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  • September 2017
    • 13: California Bankers Association: Risk Management Conference, Newport Beach
    • 20: South Dakota Bankers Association: Tech Conference, Sioux Falls
    • 25: Conference of State Bank Supervisors: Directors Conference, Cour D'Alene, Idaho
  • October 2017
    • 3: Kansas Bankers: Peer Roundtables, Wichita
    • 23: North Carolina Bankers Association: Management Conference, Greensboro
    • 25: Arkansas Bankers Association: Mega Conference, Little Rock
  • November 2017
    • 16: Wisconsin Bankers Association: CFO Conference, Madison
     
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    Four Ways Executives Can Take Control of Technology

    For many executives, technology is an increasingly complex and frustrating part of running a business.  Two things are certain, though: 
    > Customers increasingly desire to interact via electronic channels
    > There are significant impacts on your productivity and profitability if technology is properly managed.  
    Here are some thoughts to help non-technical executives manage technology well.
    First, manage your people well.  Clear job descriptions and regular performance reviews are the key to setting expectations and monitoring performance.  Remember: it is impossible to fairly evaluate someone’s performance if you haven’t clearly set out your expectations.  While “tekkies” are a bit different to manage, starting with the fundamentals will build a great foundation.  All staff must clearly understand the business you are in, and what is needed from technology in order to achieve your goals.  Solid HR fundamentals will help you communicate that.
    Second, incorporate technology into your enterprise strategic plan.  For many CEOs, strategic planning for technology is an afterthought or a dreaded task.  Moving discussions of technology into your enterprise strategic planning will help you to leverage technology, by embracing its value and clearly defining how technology will support your business lines, both customer facing and internal.  Transparency about the strategic goals of your organization will help your technology managers to support those goals.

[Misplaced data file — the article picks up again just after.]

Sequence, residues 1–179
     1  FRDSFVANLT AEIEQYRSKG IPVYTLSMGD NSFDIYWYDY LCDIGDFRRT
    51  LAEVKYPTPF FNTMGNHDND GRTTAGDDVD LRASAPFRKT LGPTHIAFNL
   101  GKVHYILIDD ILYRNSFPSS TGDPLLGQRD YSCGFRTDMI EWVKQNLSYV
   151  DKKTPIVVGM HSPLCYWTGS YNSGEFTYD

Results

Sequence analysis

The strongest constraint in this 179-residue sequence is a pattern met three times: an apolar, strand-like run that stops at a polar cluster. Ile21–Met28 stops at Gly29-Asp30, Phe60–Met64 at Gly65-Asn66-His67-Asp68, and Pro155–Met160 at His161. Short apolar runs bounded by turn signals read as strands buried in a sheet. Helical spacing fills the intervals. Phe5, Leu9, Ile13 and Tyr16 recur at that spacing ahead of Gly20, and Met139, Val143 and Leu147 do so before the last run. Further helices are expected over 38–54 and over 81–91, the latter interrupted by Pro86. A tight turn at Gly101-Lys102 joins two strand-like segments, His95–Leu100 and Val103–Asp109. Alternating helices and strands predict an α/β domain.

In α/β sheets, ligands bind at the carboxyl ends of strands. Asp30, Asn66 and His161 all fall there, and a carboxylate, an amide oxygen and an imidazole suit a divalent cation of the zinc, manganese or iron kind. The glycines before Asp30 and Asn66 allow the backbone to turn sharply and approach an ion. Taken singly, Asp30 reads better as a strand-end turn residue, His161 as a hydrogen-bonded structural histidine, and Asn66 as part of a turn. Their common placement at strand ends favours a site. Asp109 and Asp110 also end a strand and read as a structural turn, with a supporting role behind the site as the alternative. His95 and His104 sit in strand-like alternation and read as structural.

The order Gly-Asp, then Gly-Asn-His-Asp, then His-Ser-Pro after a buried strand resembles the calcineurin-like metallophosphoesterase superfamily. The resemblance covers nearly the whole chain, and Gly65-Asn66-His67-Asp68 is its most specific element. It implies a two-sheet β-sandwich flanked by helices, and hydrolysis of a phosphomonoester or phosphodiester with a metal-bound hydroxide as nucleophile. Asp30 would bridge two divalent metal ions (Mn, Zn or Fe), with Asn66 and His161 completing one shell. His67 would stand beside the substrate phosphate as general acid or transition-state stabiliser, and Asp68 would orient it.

Third, demand a business focus from your staff.  Work to help them understand that technology without a clearly defined business purpose is of little value.  A simple business case document can be a great teaching tool to help your staff communicate the benefits of technology they propose to invest in.  Tying these efforts back to the clearly communicated strategic plan will pay great benefits in terms of having your team focused on the things that are important to you.  Keep it simple.  Insist that your IT staff communicate in plain language.  Challenge them to explain the workings and impacts of their systems in practical terms, rather than relying on buzzwords.
    Finally, keep it safe.  Insist on a security and business continuity focus.  Efforts by criminals to gain access to your company’s data (and that of your customers) are never-ending.  Your security efforts must keep pace.  Place an emphasis on contingency planning and disaster recovery.  Your ability to preserve and/or recover internal operations and customer facing systems is critical to the success of your business.  Insist on written and tested plans that address the three main components of such planning:  prevention, impact minimization, and expedited recovery.  Businesses that suffer technology outages of three days or more are at risk of failure.  It is that important.
    Instead of shirking from technology, embrace it, and seek to actively manage it for the benefit of your employees, customers, and stakeholders.
    Trent Fleming advises executives on management and strategy issues.  He can be reached at trent@trentfleming.com or on Twitter @techadvisor

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